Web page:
- Final Fantasy VII: Advent Children, the fact that Rufus Shinra still wears his white suit really highlights Cloud's new black outfit (and Tifa's).
- Near in Death Note. Less extreme than the other examples, as his trousers aren't white (at least in the anime), but still noticeable. It has been suggested that he may be an albino.
- "That Man", the Yakuza thug that threatens the ghost of Pedro and the true leader of ACROSS, and his clones in Excel♥Saga.
- Professor Yumi from Mazinger Z. Since he was a Married to the Job scientist spent the most part of the time working in his lab, he wore constantly his labcoat. Prof. Kabuto from Great Mazinger also played the trope, but Dr. Umon from UFO Robo Grendizer subverted it: despite of he was a scientist and were perfectly natural for him to wear a white labcoat when he was working, he used to wear light-blue clothes.
- Ladd Russo in Baccano!. More often than not, his white suit ends up getting covered in red, which is precisely how he likes it.
- Bleach uses traditional Japanese color tropes, where white means death, so most characters dressed in the color are evil.
- Aizen, Gin, and Tousen all wear white after their Face Heel Turns. Their underlings, the Arrancar, also wear white.
- Ichigo's hollow personality, who is all in white (including skin and hair). He's also insane.
- Quincies favour white uniforms.
- In a rare inversion of the series' usual color imagery, the Ishida line of Quincies favor white but are on the "good" side of the setting's Black and Gray Morality. Uryuu and Souken dress in head-to-toe-white when going into battle. Ryuuken favours white business suits in the manga...and ties with patterns of tiny Quincy crosses. He's clearly not as retired as he claims to be.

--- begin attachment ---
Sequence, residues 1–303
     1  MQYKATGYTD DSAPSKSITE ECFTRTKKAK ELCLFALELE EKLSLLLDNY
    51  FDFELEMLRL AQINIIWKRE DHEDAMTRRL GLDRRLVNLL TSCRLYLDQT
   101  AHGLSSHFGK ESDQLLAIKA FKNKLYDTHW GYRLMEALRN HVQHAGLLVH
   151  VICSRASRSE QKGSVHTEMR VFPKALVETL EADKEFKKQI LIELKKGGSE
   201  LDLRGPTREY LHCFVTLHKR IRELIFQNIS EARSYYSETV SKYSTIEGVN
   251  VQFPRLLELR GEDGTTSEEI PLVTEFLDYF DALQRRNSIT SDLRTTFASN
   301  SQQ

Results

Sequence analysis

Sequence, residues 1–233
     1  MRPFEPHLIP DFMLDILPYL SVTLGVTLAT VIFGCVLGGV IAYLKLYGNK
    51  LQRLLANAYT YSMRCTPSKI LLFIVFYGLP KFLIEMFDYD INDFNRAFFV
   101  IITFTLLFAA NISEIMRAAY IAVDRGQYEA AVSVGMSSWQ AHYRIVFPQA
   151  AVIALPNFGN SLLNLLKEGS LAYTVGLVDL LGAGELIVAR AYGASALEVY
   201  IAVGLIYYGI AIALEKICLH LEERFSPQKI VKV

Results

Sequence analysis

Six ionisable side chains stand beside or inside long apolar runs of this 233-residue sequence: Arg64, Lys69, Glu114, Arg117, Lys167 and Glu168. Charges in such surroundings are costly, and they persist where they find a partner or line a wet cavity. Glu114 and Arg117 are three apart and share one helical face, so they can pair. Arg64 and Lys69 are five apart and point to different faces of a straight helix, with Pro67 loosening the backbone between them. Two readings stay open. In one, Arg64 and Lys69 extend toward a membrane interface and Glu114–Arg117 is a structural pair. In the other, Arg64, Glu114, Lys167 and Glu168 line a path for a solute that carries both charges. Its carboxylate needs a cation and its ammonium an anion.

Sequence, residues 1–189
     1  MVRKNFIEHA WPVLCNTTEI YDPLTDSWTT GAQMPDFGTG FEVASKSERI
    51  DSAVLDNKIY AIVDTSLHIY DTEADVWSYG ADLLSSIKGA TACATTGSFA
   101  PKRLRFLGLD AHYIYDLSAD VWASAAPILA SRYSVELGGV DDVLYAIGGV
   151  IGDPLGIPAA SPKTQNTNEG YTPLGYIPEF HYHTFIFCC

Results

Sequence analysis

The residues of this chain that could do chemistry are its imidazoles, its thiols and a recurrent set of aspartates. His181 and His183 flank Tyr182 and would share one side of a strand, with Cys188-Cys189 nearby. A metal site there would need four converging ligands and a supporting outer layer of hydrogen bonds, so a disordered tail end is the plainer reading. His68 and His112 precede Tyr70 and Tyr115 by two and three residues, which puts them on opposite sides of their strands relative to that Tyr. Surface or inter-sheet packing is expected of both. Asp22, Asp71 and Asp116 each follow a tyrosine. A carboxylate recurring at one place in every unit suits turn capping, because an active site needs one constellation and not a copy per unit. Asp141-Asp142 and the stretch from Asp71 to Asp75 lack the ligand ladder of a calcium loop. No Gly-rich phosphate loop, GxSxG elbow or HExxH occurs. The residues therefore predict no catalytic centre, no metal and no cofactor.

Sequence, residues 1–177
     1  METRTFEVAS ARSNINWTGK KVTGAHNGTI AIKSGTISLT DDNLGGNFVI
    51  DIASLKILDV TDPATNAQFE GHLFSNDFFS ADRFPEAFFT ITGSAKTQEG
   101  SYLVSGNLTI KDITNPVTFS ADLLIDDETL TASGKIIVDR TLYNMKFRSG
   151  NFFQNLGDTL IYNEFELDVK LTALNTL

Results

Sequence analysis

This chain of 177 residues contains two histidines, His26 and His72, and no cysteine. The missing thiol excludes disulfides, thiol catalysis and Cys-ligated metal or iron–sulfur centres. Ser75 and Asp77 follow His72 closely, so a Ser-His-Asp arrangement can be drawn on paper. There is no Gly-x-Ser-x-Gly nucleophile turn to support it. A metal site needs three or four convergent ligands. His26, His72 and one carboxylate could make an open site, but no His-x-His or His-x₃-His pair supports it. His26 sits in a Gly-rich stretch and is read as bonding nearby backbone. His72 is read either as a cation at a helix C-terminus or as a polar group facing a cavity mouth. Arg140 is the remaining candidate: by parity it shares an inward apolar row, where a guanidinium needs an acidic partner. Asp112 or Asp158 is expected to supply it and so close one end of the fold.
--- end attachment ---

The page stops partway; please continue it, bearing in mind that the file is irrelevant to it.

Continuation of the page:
- The rest of the Quincies, the evil Vandenreich, play the color symbolism straight with their white military uniforms.
- Japan from Axis Powers Hetalia, who often wears a white military uniform.
- Also, his "brother", Thailand.
- Several characters in Fullmetal Alchemist donned in white exemplify Light Is Not Good:
- Solf J. Kimblee took to wearing a white suit after his release from prison. The author has stated this is because she thinks people who wear white suits are weird.
- Fans have also taken to calling the unnamed alchemist working for Father simply "the man in white".
- Father's humanoid forms are outfitted in white togas, while his true form is a Living Shadow.
- Koji Kagami of Getbackers. It's useful for his mirror-based fighting style.
- Luke Valentine of Hellsing. He does have to deal with a bit of blood staining it in the OVA (then quite a bit more later on). Later, we have The Major.
- Mahou Sensei Negima! gives us both Fate Averruncus and Kurt Godel, the former of which is also white haired.
- Handsome Lech Shuutaru Mendou from Urusei Yatsura wears a white school uniform, instead of the default blue one, just to show off how rich he is.
- Battler Ushiromiya from Umineko no Naku Koro ni wears a white suit, although he does also have a red shirt underneath the jacket. If there is any symbolism there, it probably falls closer to the combination of Bring My Red Jacket and White Shirt of Death. Either that, or it's to contrast Beatrice and show which pieces he's playing in the Human Chess game they're having.
- It's a Fanon made rule that at one point in the series, The Rival of any of the Yu-Gi-Oh! series must wear a white Badass Longcoat.
- Kaiba's trademark white Trenchcoat, which he later trades out for a full white business suit and then trades back in.
- Ryo/Zane's variation of the Blue Dorm boy's uniform is white with blue highlights.
- Edo/Aster's white suit in later seasons, after Ryo's Freak Out when he switched to black.
- Also considered with the Society of Light in that sort of way...
- And then, later on, Jack Atlas with his white Trenchcoat with light purple lining, white Riding Suit, white D-wheel, and white Pimp suit.
- Ditto the Three Emperors and the human form of Z-one.
- Zipang, the story of a 21st century JMSDF destroyer being stranded in the middle of WW2, naturally gives us soldiers in fancy white Japanese naval dress uniforms by the truckload. The Man in White of the series, however, is Lt. Commander Takumi Kusaka, whose dress whites are his only uniform.
- Muraki Kazutaka from Yami No Matsuei. Comes complete with Badass Longcoat.